Does 'Earth Hour' Actually Save Any Power?
On March 23, one billion people will turn off their lights for an hour, between 8:30 and 9:30 PM as part of the international “Earth Hour.”
But what will this actually accomplish? And more importantly, will it actually conserve any power?
An essay from the Project Syndicate written by Bjorn Lomborg, an adjunct professor at the Copenhagen Business School and director of the Copenhagen Consensus Center, an environmental research center, explains that Earth Hour is little more than a short pat on the back for the world citizens lucky enough to afford access to electricity. As it turns out, Earth Hour actually uses more power than it conserves, releasing even more CO2 emissions.
Turning out the lights for an hour does save some electricity, but that amount is tiny.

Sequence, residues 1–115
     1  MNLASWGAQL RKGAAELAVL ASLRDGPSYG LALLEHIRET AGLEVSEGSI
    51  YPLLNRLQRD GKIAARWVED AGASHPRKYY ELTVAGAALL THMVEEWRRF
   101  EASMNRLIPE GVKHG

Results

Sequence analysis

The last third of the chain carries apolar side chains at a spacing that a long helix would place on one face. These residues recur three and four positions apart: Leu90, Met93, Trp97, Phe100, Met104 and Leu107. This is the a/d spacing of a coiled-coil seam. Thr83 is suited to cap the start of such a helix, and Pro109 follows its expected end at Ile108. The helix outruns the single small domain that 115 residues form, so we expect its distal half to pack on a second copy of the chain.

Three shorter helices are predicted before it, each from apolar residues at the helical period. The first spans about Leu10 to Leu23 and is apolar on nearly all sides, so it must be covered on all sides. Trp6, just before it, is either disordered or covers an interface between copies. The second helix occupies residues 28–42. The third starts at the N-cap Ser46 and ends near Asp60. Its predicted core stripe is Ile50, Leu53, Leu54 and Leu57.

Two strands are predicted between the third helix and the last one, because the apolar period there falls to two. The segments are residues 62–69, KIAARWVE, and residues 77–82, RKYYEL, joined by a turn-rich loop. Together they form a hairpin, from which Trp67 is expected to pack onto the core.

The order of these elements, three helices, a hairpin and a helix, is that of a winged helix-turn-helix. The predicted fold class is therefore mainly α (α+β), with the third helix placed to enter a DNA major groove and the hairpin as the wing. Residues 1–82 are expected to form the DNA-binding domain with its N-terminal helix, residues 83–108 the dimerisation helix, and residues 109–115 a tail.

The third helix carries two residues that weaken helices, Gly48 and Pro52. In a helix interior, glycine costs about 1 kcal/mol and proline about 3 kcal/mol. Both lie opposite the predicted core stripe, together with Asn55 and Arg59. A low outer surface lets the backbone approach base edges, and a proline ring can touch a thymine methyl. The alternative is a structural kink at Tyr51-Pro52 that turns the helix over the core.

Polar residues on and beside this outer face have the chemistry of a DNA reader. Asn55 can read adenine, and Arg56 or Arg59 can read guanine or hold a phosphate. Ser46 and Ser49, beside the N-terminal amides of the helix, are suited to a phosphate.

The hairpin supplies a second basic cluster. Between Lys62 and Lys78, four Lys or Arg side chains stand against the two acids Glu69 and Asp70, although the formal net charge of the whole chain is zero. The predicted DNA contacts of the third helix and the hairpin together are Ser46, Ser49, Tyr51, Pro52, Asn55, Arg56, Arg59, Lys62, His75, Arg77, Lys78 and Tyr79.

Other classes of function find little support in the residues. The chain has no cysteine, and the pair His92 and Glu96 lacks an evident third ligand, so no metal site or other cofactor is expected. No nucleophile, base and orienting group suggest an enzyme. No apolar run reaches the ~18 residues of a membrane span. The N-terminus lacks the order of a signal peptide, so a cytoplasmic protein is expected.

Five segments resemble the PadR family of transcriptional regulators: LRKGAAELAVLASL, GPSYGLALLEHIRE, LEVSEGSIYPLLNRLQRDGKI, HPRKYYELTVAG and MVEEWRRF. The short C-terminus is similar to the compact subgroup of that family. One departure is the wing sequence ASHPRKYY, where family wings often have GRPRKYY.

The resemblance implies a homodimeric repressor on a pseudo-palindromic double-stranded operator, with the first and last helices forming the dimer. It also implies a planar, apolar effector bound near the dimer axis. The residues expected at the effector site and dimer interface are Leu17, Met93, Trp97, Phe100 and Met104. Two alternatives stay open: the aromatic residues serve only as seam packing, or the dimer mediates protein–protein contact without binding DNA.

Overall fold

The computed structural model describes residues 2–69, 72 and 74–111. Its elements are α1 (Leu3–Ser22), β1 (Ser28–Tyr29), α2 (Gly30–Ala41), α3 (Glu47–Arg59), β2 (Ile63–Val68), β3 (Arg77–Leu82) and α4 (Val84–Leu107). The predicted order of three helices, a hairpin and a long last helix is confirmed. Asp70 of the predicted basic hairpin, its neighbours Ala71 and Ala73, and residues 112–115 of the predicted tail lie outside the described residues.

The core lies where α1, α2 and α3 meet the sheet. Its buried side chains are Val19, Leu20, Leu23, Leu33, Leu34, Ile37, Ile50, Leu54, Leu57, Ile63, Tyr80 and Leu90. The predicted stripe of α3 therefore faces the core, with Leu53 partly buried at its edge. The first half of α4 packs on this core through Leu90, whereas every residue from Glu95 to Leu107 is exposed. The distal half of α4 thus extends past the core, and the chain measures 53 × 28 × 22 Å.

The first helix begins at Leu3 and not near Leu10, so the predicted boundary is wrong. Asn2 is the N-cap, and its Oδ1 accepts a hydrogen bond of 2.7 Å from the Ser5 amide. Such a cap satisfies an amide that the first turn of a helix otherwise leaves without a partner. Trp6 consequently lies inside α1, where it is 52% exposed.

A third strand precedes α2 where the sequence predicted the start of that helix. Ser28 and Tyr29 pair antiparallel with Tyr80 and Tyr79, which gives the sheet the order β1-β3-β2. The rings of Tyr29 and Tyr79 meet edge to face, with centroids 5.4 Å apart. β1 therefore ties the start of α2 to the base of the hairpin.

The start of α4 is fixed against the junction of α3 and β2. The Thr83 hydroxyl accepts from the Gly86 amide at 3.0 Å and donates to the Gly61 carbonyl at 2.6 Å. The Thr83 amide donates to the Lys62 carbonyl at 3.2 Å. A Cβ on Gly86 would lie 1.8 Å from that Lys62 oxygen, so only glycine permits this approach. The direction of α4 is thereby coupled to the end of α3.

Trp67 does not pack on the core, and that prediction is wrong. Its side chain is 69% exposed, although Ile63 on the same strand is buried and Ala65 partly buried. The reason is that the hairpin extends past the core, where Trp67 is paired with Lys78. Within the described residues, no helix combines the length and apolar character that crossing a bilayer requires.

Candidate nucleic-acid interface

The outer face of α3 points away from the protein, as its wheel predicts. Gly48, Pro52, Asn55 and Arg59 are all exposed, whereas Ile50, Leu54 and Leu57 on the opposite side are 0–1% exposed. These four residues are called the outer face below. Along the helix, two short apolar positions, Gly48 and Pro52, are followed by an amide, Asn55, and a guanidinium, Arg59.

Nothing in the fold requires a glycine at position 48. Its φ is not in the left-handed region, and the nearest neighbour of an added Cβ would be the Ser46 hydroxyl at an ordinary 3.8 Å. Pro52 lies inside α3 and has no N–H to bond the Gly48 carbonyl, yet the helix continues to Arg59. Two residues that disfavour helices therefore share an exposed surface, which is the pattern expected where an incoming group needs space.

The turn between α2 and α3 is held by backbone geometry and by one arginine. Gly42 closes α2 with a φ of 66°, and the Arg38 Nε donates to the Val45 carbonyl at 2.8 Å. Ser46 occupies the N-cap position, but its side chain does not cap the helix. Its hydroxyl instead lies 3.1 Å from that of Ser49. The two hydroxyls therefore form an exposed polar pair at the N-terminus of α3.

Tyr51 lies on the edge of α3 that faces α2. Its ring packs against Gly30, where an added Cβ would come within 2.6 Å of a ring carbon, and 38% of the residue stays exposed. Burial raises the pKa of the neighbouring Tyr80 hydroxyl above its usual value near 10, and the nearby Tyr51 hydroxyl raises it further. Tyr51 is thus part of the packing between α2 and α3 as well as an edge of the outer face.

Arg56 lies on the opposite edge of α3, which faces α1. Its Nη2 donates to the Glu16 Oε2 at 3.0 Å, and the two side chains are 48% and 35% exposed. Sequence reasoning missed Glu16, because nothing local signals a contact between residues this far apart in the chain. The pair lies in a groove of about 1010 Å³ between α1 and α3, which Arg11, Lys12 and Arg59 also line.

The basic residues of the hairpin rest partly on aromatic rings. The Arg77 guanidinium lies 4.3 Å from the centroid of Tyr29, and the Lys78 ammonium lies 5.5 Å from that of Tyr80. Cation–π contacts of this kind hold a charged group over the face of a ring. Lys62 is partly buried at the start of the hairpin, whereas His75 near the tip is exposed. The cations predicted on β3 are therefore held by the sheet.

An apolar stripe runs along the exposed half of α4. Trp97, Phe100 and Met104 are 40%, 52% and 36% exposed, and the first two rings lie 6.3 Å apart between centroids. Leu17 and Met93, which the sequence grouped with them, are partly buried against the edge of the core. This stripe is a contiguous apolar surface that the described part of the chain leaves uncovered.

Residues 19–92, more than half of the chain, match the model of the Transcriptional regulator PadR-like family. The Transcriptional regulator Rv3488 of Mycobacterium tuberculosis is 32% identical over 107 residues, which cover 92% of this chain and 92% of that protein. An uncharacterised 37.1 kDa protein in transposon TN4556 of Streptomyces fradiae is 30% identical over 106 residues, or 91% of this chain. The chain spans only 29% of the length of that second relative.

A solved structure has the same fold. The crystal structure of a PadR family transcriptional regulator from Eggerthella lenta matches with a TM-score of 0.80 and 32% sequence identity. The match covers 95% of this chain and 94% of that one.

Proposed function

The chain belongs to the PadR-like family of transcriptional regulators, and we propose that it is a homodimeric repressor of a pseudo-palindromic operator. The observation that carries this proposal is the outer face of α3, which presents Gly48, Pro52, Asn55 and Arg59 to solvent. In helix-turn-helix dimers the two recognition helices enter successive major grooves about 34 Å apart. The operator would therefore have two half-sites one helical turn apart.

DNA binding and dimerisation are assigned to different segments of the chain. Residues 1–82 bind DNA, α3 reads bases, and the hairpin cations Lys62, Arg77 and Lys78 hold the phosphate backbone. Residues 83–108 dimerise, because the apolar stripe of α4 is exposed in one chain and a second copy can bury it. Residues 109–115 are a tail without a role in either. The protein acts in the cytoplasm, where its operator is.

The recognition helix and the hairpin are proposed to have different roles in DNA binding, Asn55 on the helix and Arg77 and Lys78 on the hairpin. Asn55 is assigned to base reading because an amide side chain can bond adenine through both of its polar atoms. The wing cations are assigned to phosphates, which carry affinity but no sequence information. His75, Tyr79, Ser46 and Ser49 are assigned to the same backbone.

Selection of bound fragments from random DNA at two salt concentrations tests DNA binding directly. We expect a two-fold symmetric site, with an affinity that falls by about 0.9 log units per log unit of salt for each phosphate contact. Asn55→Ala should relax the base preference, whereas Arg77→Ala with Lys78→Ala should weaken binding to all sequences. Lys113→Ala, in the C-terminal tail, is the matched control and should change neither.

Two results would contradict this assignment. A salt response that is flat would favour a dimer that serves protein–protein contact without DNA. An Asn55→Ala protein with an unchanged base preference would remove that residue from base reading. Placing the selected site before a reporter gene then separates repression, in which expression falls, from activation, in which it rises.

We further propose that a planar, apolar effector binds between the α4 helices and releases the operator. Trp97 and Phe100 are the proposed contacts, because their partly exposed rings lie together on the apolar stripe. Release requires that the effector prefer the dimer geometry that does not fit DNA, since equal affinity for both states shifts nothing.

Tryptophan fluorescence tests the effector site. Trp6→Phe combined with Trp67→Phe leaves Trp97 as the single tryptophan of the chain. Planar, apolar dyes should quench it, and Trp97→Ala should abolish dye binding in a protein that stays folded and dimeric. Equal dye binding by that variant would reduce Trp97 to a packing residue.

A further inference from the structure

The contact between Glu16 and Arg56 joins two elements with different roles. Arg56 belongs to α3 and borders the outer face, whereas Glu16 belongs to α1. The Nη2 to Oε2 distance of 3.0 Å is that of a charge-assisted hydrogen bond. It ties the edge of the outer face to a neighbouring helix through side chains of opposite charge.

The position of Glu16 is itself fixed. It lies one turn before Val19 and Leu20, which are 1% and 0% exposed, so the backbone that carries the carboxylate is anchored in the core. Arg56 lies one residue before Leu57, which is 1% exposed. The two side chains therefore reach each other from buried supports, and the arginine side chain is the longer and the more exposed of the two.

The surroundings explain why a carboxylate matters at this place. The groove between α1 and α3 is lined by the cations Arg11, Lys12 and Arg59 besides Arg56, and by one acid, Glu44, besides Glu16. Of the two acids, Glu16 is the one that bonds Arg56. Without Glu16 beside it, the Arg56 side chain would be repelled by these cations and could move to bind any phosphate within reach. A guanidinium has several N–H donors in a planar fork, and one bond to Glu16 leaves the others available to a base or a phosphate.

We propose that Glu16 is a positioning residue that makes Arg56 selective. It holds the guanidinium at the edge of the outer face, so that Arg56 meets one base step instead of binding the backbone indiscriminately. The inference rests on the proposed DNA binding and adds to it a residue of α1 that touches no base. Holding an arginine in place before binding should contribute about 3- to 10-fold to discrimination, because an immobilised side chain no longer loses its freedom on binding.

“Hypothetically, switching off the lights for an hour would cut CO2 emissions from power plants around the world. But, even if everyone in the entire world cut all residential lighting, and this translated entirely into CO2 reduction, it would be the equivalent of China pausing its CO2 emissions for less than four minutes,” Lomborg writes.
And while turning out our lights for an hour will momentarily reduce our carbon footprint, the surge required to power all those lights back on at the end of that hour will take back any gains we’ve made in the name of “Earth Hour.”
Adding insult to injury is all the candles that will be burned in place of residential light bulbs. Candles still burn fossil fuels, and are far less (100 times less) efficient than incandescent bulbs. As Lomborg points out, “using one candle for each switched-off bulb cancels out even the theoretical CO2 reduction; using two candles means that you emit more CO2.
Instead of this "let them eat cake" mentality, with those fortunate enough to afford consistent power eating dinner by candlelight (which doesn't even help), Lomborg calls for more green research and development. It's doesn't feel as good, but it could make a much bigger difference.
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